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Greco-Roman Influence On Christianity

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Many religions adopted ideas and integrate them into their own or a new religion. Greco-Roman culture has had a lot of influence on Christianity. First, we must know about Greco-Roman religion at that time, Greco-Roman Philosophy, and finally the influence this culture has had on Christianity.

Greek and Roman religion was a polytheistic, many gods, religion compared to Christianity which is a monotheistic religion. As said before they worshipped many gods as well as goddesses. These gods were believed to influence all-natural phenomena. Myths of these deities were attempts at explaining the mysteries of life, nature, the origin of the world, creation of seasons, etc. They did this by using deities along with their behaviors, strengths, weaknesses, and even their histories. The actions of the gods were also used as explanations for natural occurrences out of the hands of humans as well as complicated patterns of events of society. Before 800 B.C.E. the gods were nature gods that assisted with sustaining the fertility of Greece’s rocky soil, with sacrifices from humans as an offering for that assistance. For example, sacrifice for the blessing of the gods in agrarian culture was essential to their survival because they relied on wheat, wine, and olive oil. The influence of Homeric epics like the Iliad as well as the Odyssey the gods were anthropomorphize, when human characteristic and/or behavior are given to something or someone; personified. They created and identified a pantheon, which is a group of all gods and goddesses, of twelve major deities.

These set of gods and goddesses were called, by the Greeks, the Olympian gods. The twelve Greek deities being Zeus, Hera, Poseidon, Hades, Demeter, Athena, Apollo, Artemis, Ares, Hephaestus, Aphrodite, Hermes, and Dionysus. They were believed to live on Mount Olympus, which would be in northern Greece. This pantheon was led by Zeus and Hera, his wife. Zeus was considered the supreme deity and was to be the source of all reality. Zeus’s two brothers had domain that they influenced and ruled. Hades was the god of the underworld or the king of the underworld and Poseidon was the god of the sea or the master of the sea.

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A History of the Christian Tradition from Its Jewish Origins to the Reformation has a few descriptions of some of the Olympians gods and goddesses. Apollo and Dionysius were two gods that were described as differing from each other. Apollo being the god of wisdom, who has the power to heal, and was the source of law and order. Dionysius was the god of revelry or partying and bringing irrational and euphoric aspects of the human life. Some of the goddesses described include Athena, who was the goddess of wisdom, and Aphrodite, who was the goddess of beauty. Zeus was the king or chief of the gods and goddesses. He is the god of weather; well known for his thunder bolt and storms. The pantheon is made of his siblings as well as his children. Hera was the queen of Olympus. Hera is the goddess of birth and marriage. Zeus tend to cheat with other women and rather than torment him, she torments the mistresses. Poseidon was the god of sea, horses, and earthquakes. He has had some strange children, one being a Pegasus as well as a cyclops. Hades was the god of the underworld. Demeter was the goddess of agriculture. She is the mother of Persephone, who was taken to the underworld by Hades as his bride.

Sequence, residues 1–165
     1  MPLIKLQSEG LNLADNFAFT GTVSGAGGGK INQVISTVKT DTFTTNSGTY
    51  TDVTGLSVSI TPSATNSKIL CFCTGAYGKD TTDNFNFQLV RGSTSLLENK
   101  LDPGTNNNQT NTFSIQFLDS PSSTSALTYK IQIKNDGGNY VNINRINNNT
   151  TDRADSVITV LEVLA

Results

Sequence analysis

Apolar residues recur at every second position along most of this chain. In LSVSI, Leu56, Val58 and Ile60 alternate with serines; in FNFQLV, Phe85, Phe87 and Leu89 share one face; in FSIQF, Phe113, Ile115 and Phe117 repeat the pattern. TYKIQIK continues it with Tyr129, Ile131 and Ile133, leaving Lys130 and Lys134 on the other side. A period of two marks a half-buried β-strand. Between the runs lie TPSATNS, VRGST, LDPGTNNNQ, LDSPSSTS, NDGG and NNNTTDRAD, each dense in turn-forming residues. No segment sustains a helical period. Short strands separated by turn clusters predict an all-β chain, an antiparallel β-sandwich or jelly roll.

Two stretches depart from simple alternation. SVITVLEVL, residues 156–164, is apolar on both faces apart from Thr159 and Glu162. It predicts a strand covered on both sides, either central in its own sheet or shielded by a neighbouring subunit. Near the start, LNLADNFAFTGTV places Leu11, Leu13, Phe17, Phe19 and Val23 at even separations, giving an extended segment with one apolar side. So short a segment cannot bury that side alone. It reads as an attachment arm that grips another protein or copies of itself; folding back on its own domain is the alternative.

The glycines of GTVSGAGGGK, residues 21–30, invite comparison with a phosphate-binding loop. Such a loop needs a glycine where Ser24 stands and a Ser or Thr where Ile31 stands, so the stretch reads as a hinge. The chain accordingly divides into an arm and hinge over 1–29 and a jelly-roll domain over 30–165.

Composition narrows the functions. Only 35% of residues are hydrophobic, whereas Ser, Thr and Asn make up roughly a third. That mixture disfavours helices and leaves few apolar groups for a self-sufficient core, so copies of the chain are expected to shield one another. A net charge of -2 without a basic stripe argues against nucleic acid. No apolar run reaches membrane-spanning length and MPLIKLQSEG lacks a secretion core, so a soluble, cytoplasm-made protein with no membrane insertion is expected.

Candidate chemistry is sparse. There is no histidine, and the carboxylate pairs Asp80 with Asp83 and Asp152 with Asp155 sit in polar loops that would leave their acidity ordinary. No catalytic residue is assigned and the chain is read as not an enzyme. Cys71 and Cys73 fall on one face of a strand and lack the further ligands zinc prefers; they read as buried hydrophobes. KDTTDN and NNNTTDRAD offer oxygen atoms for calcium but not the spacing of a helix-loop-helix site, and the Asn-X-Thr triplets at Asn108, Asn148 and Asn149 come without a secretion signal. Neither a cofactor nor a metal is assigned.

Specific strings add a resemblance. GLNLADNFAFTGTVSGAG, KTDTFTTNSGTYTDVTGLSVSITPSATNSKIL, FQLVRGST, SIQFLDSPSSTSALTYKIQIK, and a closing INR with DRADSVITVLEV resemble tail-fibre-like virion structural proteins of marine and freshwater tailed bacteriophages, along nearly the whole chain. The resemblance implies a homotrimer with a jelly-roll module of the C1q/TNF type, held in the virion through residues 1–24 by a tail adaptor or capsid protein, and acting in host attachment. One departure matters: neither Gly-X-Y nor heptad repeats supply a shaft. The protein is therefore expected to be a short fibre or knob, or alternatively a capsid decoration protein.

This myth was used as an explanation for the seasons; when Persephone was in the underworld it would be fall and winter and when she is with Demeter it would be spring and summer. Athena was the goddess of wisdom, war or war tactics, and reason. She was created from Zeus’s forehead after he swallowed Metis, her mother. Apollo was the god of the sun as well as light, healing and plagues or sickness, medicine, poetry, music, knowledge and prophecy. He is also the twin of Artemis. Artemis was the goddess of the hunt, a huntress and protector of the living world. Ares was the god of war and bloodlust; Athena is seen as the more noble side of war as well as the civil conductivity in war. Spartans really liked him and worshipped him a lot. They sacrificed prisoners, prisoners of war, and dogs, dead dogs. Hephaestus, Aphrodite was the goddess of love, beauty and even sex. She is believed to have been born from foam after a testicle of Uranus, her father, was cut and thrown into the sea. Hermes is the god of travel, thieves, luck, wealth, trade, and language. He also has a responsibility of protecting livestock. Dionysus was the god of wine as well as fertility. He was created out of Zeus’s thigh where he sewed him in his thigh and Dionysus then emerged. He also has a cult of him that centered around sex, intoxication as well as ritual sacrifices that were typically ruthless.